In the diversely growing field of neurorehabilitation, it is recognized that serious games represent a powerful tool to increase participation and adherence to a multitude of training programs. Although the learning improvement thought to be achieved through educational games is still a matter of debate, gaming has become of steadily increasing interest for health care systems worldwide and is on its way to becoming a fundamental component of standard neurorehabilitation practice. Despite this trend, it is clear that for better integration of gaming in the field of neurorehabilitation, an in-depth user-centered design approach is necessary.

In the current practice of neurorehabilitation, progressive clinics use a multidisciplinary approach where a team of specialists collaborate in assessing and treating the patient in a holistic way, taking into account physical, psychological, emotional, and cognitive dysfunction. It is a complex process involving coordination between medical doctors, physical therapists, occupational therapists, psychologists, patients, and patient family members. As a result, for a given therapy to be successfully prescribed, executed, and followed, it must satisfy the needs of all users involved in the process. In this case, users include all relevant stakeholders from insurance and medical institutions to therapeutic and patient users. In deploying a technology inside such an integrated system, it would be a grave mistake to consider the patient as the only end user, and would likely compromise the success of the technology.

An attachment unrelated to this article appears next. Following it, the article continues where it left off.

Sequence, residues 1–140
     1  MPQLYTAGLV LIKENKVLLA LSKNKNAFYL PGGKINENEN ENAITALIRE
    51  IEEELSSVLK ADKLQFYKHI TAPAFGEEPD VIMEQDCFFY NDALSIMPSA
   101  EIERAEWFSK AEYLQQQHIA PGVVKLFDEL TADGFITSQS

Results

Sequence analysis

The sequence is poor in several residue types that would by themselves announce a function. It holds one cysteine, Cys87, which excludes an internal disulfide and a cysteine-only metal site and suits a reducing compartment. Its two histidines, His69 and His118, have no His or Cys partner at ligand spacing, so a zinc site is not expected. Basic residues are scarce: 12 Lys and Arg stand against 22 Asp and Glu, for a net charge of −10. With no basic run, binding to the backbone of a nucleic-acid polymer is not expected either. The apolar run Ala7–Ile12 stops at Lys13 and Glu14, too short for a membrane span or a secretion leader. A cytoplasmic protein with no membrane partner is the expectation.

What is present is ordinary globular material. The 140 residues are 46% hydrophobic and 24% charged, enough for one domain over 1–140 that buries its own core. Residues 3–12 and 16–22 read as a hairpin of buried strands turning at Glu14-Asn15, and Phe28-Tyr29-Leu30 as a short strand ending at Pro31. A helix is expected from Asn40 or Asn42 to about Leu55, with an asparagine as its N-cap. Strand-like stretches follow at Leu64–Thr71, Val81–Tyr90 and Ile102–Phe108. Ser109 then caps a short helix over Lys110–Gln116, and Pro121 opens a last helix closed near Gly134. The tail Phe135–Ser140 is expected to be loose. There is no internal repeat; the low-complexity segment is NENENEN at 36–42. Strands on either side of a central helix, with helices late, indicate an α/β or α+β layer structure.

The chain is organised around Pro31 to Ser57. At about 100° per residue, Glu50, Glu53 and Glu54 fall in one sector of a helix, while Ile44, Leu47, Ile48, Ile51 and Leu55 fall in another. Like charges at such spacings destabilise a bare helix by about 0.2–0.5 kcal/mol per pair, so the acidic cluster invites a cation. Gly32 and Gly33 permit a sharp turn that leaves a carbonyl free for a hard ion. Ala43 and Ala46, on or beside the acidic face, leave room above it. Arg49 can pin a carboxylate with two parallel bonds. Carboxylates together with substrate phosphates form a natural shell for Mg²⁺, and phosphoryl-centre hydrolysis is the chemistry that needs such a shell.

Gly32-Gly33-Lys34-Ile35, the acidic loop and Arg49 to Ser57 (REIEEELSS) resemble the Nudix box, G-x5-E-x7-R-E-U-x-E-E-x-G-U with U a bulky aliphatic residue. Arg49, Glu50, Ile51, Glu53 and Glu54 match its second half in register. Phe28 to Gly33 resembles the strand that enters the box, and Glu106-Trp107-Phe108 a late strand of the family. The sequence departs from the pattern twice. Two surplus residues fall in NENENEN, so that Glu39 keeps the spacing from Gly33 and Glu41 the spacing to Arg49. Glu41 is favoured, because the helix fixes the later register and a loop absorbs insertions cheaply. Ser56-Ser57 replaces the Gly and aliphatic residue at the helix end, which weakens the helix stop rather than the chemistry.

The potential impact of a user-centered approach is especially valid for the area of motor rehabilitation, where there is a growing need for methods to treat increasingly larger patient populations, in part as a result of an increased aging population, and therefore increased absolute incidence of stroke. At the same time, therapists have expressed a need for improved means of quantitative assessment. Both of these aspects are currently being addressed through advances in rehabilitation robotics, where robotic systems assist the therapist in guiding and correcting patient movements. However, while the devices themselves provide increased treatment availability, intensity of therapy, repeatability, and quantitative measures, they have yet to be integrated with a comprehensive platform for planning, executing, and assessing therapy session. This lack represents a current and significant gap in rehabilitation technology. It is believed that without this comprehensive platform, the use of rehabilitation robotics as well as the use of serious games for motivational and educational purposes in neurorehabilitation will remain limited. Along these lines, it should be clearly understood that for effective delivery of motor rehabilitation, the combination of robotics and game applications are highly promising as together they deal with all the user aspects of motor control and motivation.